She added there should have been increased transparency around the matter. "The fact there is so much emphasis on confidentiality in their policies can make it really isolating.

"It wasn't until the complaint got to the highest level that I felt it wasn't so much about me any more, it was about protecting the organisation, and them hitting all the right points that they had to hit legally. Ultimately I felt it came down to making sure they could move on as an organisation."

The result of the mediation was that Stutter sent her a written apology and had to undertake anti-harassment counselling. He also received a formal warning and had the incident recorded on his personnel file, to be removed after three years if there were no further complaints against him.

Stutter sent out an email to all of the Commission's employees, naming the intern and saying what happened was not in keeping with the Commission's values. He also apologised and said he was deeply sorry. He advised staff to ask him directly for his account of events if they had any questions.

The intern's mother in the US said she was devastated to hear of the incident.

"This is not just a sexual harassment, where the perpetrator says inappropriate things or touches someone on the hair or back, but it was an attack," she said.

"[Stutter] waiting until the rest of the party had left, advancing without permission, a full-out groping of the private parts, and following her out the door."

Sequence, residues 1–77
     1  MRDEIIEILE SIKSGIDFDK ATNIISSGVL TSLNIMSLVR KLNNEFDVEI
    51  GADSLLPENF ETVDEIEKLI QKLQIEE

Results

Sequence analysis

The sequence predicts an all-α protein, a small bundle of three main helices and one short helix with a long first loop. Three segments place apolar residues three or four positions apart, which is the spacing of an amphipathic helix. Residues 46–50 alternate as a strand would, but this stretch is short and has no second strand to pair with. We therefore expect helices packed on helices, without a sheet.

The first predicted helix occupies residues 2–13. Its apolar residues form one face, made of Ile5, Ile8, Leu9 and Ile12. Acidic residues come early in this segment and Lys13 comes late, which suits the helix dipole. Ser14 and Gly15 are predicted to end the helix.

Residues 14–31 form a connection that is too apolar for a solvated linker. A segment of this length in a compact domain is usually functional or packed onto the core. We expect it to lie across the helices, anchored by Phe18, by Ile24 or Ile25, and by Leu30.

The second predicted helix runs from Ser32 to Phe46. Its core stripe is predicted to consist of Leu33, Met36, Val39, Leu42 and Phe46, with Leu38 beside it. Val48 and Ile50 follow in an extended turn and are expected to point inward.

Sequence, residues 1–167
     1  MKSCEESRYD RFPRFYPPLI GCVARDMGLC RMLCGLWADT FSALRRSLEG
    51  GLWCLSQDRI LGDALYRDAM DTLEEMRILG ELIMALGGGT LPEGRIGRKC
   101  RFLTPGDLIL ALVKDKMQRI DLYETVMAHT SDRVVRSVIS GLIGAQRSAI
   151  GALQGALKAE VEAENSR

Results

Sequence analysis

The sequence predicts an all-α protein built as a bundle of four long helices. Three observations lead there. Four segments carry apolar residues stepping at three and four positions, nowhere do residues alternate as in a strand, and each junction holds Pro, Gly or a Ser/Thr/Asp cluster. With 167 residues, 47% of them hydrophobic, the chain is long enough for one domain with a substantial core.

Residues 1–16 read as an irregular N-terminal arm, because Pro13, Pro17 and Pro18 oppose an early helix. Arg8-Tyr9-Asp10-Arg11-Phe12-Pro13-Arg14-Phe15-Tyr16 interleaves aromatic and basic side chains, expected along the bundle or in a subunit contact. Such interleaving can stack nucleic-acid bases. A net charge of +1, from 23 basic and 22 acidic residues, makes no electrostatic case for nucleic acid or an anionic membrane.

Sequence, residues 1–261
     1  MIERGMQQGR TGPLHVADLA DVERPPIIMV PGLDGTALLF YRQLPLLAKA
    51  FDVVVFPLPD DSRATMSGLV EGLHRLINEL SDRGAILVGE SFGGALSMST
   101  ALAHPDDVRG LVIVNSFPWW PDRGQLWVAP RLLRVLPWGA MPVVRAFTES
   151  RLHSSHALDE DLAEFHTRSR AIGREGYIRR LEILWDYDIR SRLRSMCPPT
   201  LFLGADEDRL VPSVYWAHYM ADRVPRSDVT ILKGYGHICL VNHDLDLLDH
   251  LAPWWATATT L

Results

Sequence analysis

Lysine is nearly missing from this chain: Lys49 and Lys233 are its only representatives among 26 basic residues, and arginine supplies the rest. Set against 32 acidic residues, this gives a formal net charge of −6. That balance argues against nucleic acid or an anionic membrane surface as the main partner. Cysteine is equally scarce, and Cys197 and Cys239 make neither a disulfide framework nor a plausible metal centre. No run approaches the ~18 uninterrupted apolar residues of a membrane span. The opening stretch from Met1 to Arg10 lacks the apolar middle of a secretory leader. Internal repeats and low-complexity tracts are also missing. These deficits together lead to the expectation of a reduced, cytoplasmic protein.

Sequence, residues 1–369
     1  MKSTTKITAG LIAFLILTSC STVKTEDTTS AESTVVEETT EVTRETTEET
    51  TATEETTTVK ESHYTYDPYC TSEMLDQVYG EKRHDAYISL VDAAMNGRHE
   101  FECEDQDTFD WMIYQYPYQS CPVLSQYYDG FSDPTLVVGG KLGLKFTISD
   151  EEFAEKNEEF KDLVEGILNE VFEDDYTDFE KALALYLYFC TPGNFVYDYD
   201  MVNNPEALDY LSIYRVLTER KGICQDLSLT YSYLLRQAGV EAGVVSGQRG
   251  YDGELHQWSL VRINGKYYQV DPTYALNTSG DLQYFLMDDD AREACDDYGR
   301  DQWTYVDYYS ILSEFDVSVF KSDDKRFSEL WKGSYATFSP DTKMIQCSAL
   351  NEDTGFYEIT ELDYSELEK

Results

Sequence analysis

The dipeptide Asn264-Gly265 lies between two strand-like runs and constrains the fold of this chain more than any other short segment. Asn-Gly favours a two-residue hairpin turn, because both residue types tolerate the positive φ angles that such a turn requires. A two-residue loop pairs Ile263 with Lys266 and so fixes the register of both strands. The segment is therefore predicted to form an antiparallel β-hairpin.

She said her daughter was in a vulnerable situation, and taken advantage of by a "very senior staff member".

"She was an intern from a university in another country, so she had no direct university support or local university friends. Most importantly, she was an intern away from her family, boyfriend and friends who would be able to support her, or protect her, which this person knew."

"No mother wants to get the call in the middle of the night from a sobbing daughter on the other side of the world who is trying to process what happened, blaming themselves, wondering what they should have done to prevent the attack."

The young woman added that she would support an independent inquiry into sexual harassment cases at the commission. She has since remained in New Zealand to finish field work for her Master's programme. 

Chief executive Cynthia Brophy said the organisation was reviewing its internal processes for dealing with sexual harassment and "if there is anything we can improve on we are keen to make sure this happens".

"I have a high degree of trust and confidence in the professionalism of all of our staff and can confirm that there is no current complaint outstanding against anyone in the Human Rights Commission."

The complaint against Stutter isn't the only sexual harassment complaint against the commission's staff in the past five years.

Figures released to Stuff under the Official Information Act showed the organisation had investigated three sexual harassment complaints against three separate staff members dating back to 2013.

Each of the complaints progressed to an investigation, with Stutter's the only case that resulted in disciplinary action. Two employees resigned before their investigations were completed.

It is understood the complaint against Stutter was dealt with exclusively by Brophy and human resources, and none of the organisation's four commissioners were aware of it until the intern had left.

Chief commissioner David Rutherford said, "the Human Rights Commission takes this matter very seriously".  

"It is an employment matter requiring us to respect all of the rights of our employees. We have confidence in how our chief executive is dealing with this matter."